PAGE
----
Most will be aware that since September 2007, it has been possible for SMSF trustees to borrow to acquire an asset, subject to certain conditions. One condition is that the asset acquired must be held on trust for the SMSF trustee. This trust is often referred to by many different names: eg, an instalment warrant trust, a bare trust, a debt instalment trust, a security trust or a custodian trust, depending on the supplier’s documents.
Ultimately, the name of this trust is not important. Instead, it is the legal structure (as detailed in the provisions in the trust documentation) that is critical. This is important as the structure may have a significant impact on the tax effectiveness of the arrangement.
This edition of DBA news sets out the key issues on these arrangements: what is required by law, how does the structure impact the tax outcome of the arrangement and what practical steps can advisers take to maximise tax effectiveness?
What the SIS Act requires
The borrowing legislation (see s 67(4A) of the SIS Act) does not specify what type of trust must be used. It only specifies that the asset must be ‘held on trust’ so that the SMSF trustee has a beneficial interest in the asset (with the trustee of the ‘instalment warrant’ arrangement holding the legal title).
Therefore, the trust could take a variety of forms. This has been borne out in the market place, with a wide variety of documents available. While these structures might comply with SIS, the tax effectiveness of these structures needs to be considered. (Note also that while a bank will closely review the trust document, this is largely to ensure its security is protected and the arrangement is valid; the bank is generally not concerned about or responsible for the tax effectiveness of the trust.)
For example, a popular type of trust is a ‘bare trust’. As explained in this newsletter, a true bare trust offers tax planning advantages. However, it is important to ensure that a trust which claims to be a ‘bare trust’ is in fact really a bare trust. DBA has reviewed some deeds which claim to establish a bare trust, but which contain numerous provisions that establish something quite different.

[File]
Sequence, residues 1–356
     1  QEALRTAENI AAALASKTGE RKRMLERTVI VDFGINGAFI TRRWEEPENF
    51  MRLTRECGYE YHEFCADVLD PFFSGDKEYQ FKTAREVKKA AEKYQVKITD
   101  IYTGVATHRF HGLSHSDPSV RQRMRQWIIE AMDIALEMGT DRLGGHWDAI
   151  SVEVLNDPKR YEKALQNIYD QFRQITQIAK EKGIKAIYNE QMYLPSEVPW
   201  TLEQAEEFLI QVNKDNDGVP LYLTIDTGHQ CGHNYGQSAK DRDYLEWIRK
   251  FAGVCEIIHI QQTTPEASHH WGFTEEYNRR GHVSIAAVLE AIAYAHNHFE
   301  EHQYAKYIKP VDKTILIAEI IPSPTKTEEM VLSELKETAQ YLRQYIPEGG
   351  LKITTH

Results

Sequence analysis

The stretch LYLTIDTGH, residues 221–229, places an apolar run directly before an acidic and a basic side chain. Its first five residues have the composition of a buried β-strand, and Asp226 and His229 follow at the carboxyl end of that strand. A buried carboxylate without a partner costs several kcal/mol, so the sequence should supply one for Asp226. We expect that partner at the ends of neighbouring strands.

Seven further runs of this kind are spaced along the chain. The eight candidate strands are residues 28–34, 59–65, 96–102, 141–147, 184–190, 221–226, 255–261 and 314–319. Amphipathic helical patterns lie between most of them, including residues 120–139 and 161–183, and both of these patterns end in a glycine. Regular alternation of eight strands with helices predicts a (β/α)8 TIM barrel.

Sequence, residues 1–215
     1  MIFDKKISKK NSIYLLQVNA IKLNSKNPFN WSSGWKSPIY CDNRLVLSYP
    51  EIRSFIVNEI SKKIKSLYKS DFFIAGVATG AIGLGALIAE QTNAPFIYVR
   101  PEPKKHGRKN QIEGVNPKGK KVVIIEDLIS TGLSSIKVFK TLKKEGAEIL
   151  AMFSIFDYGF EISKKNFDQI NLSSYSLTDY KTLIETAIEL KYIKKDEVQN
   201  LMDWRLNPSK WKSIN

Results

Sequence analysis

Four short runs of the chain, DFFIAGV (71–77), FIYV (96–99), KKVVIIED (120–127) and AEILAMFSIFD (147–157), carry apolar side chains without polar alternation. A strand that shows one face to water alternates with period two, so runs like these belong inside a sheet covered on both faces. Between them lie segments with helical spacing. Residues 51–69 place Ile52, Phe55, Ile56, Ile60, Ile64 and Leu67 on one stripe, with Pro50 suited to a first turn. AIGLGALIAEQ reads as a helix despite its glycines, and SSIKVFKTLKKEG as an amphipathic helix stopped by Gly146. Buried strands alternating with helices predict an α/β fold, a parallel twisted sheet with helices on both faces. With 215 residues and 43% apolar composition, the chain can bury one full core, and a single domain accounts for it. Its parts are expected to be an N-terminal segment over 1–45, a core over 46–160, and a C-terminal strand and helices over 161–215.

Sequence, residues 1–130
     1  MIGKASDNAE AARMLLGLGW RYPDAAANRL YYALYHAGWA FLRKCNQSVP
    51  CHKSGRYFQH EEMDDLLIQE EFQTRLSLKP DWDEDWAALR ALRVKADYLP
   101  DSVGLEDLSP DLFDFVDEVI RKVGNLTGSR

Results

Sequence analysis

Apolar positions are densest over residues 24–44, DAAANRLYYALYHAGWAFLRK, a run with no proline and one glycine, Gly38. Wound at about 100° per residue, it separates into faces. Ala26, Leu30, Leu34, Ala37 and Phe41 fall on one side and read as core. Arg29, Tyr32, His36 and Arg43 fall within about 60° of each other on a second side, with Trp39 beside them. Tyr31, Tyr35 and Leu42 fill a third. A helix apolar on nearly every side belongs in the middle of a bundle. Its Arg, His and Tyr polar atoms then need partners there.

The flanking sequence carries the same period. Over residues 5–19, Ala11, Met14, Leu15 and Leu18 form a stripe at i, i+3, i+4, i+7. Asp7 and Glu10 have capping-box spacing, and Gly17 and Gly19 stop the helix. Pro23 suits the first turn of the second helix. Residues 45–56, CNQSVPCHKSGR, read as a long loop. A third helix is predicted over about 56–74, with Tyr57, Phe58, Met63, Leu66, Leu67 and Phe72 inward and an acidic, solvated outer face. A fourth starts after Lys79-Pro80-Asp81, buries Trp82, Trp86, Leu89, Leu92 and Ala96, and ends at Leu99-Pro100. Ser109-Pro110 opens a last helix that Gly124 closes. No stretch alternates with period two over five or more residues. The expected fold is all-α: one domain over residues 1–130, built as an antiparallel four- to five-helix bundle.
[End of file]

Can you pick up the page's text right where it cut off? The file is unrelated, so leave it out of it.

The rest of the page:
Why are ‘bare trusts’ so popular?
Goods and services tax (‘GST’)
One reason is GST. The Commissioner now accepts that the beneficiary of a bare trust (in this case, the SMSF trustee) may carry on an enterprise involving the use or exploitation of real property, even though the title to the property is registered in the name of a bare trustee. Related to this, the Commissioner confirms that an entity which acts as a mere bare trustee does not carry on its own enterprise. In other words, all GST activity is at the beneficiary level (ie, the SMSF trustee). Refer to the ATO’s GSTR 2008/3.
This is important where the property is commercial and the GST turnover is greater than $75,000. This means that, rather than having to register the bare trust for GST, only the SMSF needs to be registered.
This also means that when the property is transferred to the SMSF trustee (ie, when the SMSF’s loan is repaid), this does not constitute a taxable supply and thus does not give rise to a GST liability.
Another reason is income tax efficiency. The trustee of a ‘transparent trust’ such as a bare trust is not required to furnish an income tax return, because it does not earn any income of its own. (Rather, the beneficiary, ie, SMSF trustee, is entitled to the income). Therefore, if a true bare trust is used, only the SMSF needs to furnish an income tax return.
Capital gains tax (‘CGT’)
Finally, a bare trust minimises CGT exposure when an SMSF’s loan is repaid. The ATO’s views in this area are not finalised (see, eg, TR 2004/D25). However, steps can be taken to make the structure as CGT-effective as possible.